All of the hype around the game Words With Friends left me with some pretty high expectations. After spending some time with this app, I could clearly see the appeal, however, this game is far from perfect.
Words With Friends Free is a fun, Scrabble-like game that connects you with your friends (or random strangers). Even with all the crossword assembling aside, though, I found this to be a really great way to catch up with my sister, who lives across the country.
It has an in-app texting option so you can carry on a conversation while you play, and not interrupt gameplay. (This is where I get to say things like “‘Quin’ isn’t even a real word, you cheater!”)
You start a new game by clicking “Create game,” and choosing from a menu of options. You can either invite a friend who’s already on your contact list into a game, search for a friend by user name, choose a random opponent, or “pass and play,” which is a way to start a game with the person sitting next to you.
Once or twice, I found that I had a handful of tiles that could spell out more than one word on the board. Now, I don’t have the Scrabble bible in front of me, but I don’t recall there being a rule against playing multiple words in a single turn. In fact, my family always encouraged us to play as many words as we could. You can see why I was pretty disappointed when I learned that I could only play one word per turn.
Another beef I have with this game is its advertising. After every single turn, players are directed away from the game board (before you can even see how much your word ended up being worth) to an ad. This doesn’t necessarily affect your gameplay, because you’re sitting and waiting for your friend to take his or her turn, anyway, but it is still quite annoying. There’s the option to skip the ad each time — you just tap the bottom of your screen and then hit the “Skip Ad” button — but, you still have to deal with constantly being booted from your game.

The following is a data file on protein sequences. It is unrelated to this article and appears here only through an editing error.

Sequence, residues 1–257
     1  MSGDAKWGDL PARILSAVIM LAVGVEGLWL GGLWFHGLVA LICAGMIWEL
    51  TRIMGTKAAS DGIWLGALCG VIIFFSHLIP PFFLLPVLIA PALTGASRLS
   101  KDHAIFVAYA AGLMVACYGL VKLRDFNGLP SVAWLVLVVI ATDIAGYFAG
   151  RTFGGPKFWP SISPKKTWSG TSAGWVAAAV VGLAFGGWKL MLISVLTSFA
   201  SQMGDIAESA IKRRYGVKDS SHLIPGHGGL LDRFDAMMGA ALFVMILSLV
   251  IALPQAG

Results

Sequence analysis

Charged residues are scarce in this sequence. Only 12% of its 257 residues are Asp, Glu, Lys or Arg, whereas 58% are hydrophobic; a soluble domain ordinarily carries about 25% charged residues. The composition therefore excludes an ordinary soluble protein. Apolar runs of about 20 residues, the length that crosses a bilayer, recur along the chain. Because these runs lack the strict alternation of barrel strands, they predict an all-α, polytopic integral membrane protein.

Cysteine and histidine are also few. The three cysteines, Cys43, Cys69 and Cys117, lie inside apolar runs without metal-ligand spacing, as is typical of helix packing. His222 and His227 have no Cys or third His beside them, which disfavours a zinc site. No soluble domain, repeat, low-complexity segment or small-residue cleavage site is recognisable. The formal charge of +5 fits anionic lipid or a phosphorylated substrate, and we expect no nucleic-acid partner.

Depending upon the way you look at it, the length of time these games last could be looked at as either a good or a bad thing. I found that each game usually take more than an hour to complete, and that’s when I’m being attentive to them. If you’re a person with business to be done, Words With Friends might just be another digital distraction that puts a crimp in productivity.
Some things I found especially neat about Words With Friends Free, though, is the fact that you can play up to 20 games at a time, and the app has push notifications so you know when it’s time to take your turn. (This way, you don’t have to tap your foot with the app open, but you don’t have to worry about keeping your opponent waiting, either.)
While I am anxiously anticipating the release of a full version, Words With Friends Free is a pretty decent Scrabble clone. Despite it’s flaws, it is still certainly worth a look.